“Happy motherf—ing Veterans Day,” Eminem wished his HBO “Concert for Valor” audience earlier this week. Apparently nobody told the Detroit rapper about the better part of valor.
Leaving aside the non sequitur reference to those with carnal knowledge of moms (a confounding curse given the impossibility of the vulgar phrase’s former component without the latter), the larger sentiment conjures up the confusion inherent in the holiday. Is Veterans Day a celebration, à la the Fourth of July, or a time for mourning, like Memorial Day?
Seventy-one-years ago George Patton voted unambiguously, as was the general’s style, for celebration. “In my mind we came here to thank God that men like these have lived rather than to regret that they have died,” he said on an Armistice Day remembrance while fighting yet another war in Europe.
The quote comes from a new book by Harry Crocker, The Yanks Are Coming! A Military History of the United States in World War I, on the 100-year-old fight that ultimately gave us Veterans Day. Like the day that wreaks calendar havoc by recalcitrantly refusing to accept a generic Monday designation, the war that gave us the holiday puzzles — its causes, its alliances, its consequences, its worth — a century after the fact.
Crocker does much to cut through the lingering confusion. He calls the brutal conflict “the war that made the modern world. It was the war that set the boundaries of the modern Middle East out of the ruins of the Ottoman Empire. It was the war that saw the collapse of the Austro-Hungarian Empire, which held together Mitteleuropa. It was a war that rewarded nationalism, which, perversely, had been the war’s original cause. It was the war that ended the Second Reich in Germany and witnessed the Bolshevik Revolution in Russia.”
In short, it was the war that set the stage for future wars. Because of this, we discuss the Great War less on its own terms than how it pertains to subsequent wars great and small. And even then, the lessons perplex.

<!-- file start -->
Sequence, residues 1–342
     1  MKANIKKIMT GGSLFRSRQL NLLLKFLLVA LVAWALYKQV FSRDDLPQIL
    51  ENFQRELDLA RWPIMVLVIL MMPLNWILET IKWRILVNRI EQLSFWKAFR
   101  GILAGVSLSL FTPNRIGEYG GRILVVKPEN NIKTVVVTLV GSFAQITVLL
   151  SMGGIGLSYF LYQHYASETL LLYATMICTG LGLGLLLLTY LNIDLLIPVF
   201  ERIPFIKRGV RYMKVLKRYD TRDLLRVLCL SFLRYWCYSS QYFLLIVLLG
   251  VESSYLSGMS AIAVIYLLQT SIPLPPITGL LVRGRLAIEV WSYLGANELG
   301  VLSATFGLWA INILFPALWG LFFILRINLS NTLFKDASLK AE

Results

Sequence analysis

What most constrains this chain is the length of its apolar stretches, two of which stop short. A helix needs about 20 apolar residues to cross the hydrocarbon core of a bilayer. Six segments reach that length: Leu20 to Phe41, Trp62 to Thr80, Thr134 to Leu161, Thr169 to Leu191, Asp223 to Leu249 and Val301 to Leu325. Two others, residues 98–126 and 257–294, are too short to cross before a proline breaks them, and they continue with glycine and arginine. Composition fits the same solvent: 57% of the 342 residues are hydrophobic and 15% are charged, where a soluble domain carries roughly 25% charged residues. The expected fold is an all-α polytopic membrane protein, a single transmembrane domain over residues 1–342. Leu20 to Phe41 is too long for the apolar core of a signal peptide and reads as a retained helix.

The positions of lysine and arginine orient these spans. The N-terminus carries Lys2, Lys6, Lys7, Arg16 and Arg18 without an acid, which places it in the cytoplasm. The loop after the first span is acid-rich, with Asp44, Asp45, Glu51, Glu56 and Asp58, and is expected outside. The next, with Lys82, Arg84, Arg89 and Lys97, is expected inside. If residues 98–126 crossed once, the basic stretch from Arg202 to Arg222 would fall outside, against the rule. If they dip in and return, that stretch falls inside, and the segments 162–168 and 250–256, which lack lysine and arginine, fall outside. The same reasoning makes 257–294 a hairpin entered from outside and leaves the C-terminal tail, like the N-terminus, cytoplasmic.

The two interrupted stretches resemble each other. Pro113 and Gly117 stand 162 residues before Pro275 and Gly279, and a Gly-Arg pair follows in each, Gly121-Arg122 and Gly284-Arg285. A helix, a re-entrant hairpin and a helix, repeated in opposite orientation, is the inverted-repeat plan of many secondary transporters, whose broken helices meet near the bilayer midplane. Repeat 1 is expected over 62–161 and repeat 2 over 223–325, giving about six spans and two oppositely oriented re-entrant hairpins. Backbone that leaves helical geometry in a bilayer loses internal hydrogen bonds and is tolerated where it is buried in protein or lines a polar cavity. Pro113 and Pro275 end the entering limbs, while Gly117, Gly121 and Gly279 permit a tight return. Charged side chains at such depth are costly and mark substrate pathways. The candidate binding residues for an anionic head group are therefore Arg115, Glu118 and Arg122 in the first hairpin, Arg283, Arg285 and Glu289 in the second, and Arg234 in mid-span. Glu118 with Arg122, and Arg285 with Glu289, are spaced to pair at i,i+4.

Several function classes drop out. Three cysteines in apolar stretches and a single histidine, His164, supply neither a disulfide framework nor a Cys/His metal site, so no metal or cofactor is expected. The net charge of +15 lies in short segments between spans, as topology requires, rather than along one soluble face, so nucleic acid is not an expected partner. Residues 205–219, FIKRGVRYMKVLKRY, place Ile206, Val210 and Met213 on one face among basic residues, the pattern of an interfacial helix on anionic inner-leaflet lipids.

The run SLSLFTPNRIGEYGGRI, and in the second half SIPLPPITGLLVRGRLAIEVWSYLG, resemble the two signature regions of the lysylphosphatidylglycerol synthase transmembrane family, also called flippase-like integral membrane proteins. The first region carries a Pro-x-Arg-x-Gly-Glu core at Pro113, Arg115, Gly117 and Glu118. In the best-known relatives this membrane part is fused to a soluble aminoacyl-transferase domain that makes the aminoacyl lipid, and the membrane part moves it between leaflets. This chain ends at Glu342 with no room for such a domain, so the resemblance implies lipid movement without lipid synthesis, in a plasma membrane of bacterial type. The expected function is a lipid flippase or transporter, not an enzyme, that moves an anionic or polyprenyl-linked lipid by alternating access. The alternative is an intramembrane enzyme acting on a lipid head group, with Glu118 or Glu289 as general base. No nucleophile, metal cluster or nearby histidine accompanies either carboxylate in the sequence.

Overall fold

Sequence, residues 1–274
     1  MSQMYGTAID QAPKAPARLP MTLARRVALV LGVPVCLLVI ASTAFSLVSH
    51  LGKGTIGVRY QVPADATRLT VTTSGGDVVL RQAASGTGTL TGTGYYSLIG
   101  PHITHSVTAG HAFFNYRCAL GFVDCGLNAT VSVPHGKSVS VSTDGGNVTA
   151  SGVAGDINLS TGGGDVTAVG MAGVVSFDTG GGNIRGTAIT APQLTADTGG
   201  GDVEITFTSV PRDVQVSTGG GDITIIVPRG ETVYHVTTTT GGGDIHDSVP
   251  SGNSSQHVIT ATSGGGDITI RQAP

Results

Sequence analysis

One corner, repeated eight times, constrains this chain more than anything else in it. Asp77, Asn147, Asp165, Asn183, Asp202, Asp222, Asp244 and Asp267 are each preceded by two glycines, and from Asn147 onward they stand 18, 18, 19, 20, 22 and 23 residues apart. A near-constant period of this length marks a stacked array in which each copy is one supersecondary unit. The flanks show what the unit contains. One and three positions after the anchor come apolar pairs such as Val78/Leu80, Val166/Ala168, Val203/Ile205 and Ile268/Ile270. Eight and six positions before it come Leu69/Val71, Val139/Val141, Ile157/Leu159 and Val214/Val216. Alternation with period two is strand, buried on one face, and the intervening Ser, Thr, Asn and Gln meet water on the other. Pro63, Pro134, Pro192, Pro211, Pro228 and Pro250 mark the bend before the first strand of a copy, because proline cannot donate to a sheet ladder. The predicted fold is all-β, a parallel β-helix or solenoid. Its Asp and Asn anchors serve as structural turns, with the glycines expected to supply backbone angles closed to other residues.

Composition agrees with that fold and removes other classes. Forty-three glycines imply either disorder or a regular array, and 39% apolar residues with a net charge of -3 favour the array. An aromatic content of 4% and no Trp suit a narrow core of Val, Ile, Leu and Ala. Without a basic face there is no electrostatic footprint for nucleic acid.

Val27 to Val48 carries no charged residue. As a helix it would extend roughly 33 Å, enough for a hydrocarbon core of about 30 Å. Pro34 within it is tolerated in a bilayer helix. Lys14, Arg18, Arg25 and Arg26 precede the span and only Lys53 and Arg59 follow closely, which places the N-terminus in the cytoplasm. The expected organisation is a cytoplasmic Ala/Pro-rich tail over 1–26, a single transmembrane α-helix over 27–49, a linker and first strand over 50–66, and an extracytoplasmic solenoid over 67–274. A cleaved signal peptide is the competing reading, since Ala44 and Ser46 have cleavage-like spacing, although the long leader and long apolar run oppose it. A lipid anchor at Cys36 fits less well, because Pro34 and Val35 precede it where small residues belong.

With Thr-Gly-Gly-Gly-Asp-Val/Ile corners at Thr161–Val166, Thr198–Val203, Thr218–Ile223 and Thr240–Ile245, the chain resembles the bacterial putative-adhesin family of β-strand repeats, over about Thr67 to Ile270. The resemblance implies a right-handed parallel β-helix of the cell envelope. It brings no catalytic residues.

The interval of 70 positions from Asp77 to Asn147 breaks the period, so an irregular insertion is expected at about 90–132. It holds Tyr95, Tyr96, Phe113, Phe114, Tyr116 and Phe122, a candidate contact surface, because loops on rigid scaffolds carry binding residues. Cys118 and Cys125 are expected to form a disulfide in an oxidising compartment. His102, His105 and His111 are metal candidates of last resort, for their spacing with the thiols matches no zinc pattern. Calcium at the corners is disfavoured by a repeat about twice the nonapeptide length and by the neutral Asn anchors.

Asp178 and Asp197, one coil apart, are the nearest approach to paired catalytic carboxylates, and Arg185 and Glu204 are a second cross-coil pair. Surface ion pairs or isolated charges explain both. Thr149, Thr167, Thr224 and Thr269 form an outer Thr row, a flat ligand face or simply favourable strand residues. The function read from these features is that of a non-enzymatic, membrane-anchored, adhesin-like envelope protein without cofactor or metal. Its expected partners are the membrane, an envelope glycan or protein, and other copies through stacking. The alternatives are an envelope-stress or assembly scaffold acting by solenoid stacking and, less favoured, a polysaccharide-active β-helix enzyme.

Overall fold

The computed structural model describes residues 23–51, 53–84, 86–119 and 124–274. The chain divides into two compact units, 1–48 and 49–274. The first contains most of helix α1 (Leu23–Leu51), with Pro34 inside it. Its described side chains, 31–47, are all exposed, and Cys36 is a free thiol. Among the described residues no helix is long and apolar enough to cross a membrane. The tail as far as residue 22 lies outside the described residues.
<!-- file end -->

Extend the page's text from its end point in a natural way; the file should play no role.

For instance, World War I surely “rewarded nationalism,” as Crocker points out. But it also foreshadowed ideology as a force to rival nationalism. Austrian-born “Adolph Hitler himself avoided serving in the armed forces of conservative, reactionary Habsburg Austria in the First World War,” Crocker notes, “preferring what he saw as nationalist, progressive Germany.” And on the flipside the Bolsheviks, who would eventually use nationalism effectively as a unifying force, sold out their country to Germany during the war because they loved Communism more than Russia.
Crocker’s book contains a succinct 117-page history of the war, followed by more than 150 pages of enjoyable thumbnail sketches of the American players in the battlefield drama, followed by a section on the war’s aftermath. This middle section, providing portraits of George C. Marshall, Harry Truman, Douglas MacArthur, and others leaving a more sizable impression in later hostilities, demonstrates the degree to which we understand the Great War as a prelude to World War II, the Cold War, the War on Terror, and much else that followed. And in its failure to prevent future calamities, we see the Great War as a great failure.
Crocker vociferously rejects the idea that the war lacked meaning. It was shorter, with fewer casualties than the Second World War. “And if the First World War witnessed the collapse of the monarchies of Central Europe and saw the Bolsheviks seize power in Russia,” The Yanks Are Coming! points out, “at least the Western powers kept the Bolsheviks, preachers of world revolution, penned up within Russia’s borders. The Second World War ended with Eastern Europe in the hands of the Soviet Communists…. In other words, the imperfect outcome of the First World War was no worse than the imperfect outcome of the Second, and both were better than if the Central Powers or the Fascist powers had won.”
The “war to make the world safe for democracy” puts an exclamation point on the previous era’s arrogance and the “war to end all wars” highlights the war’s failure to achieve the lofty outcome some had imagined. Crocker insists, “The First World War was not pointless.” Indeed, but that an author feels compelled to write such a sentence — Has anyone anywhere ever even thought that about the Second World War? — highlights the degree to which the quite sensible idea that the Great War mattered in its own right faces skepticism.
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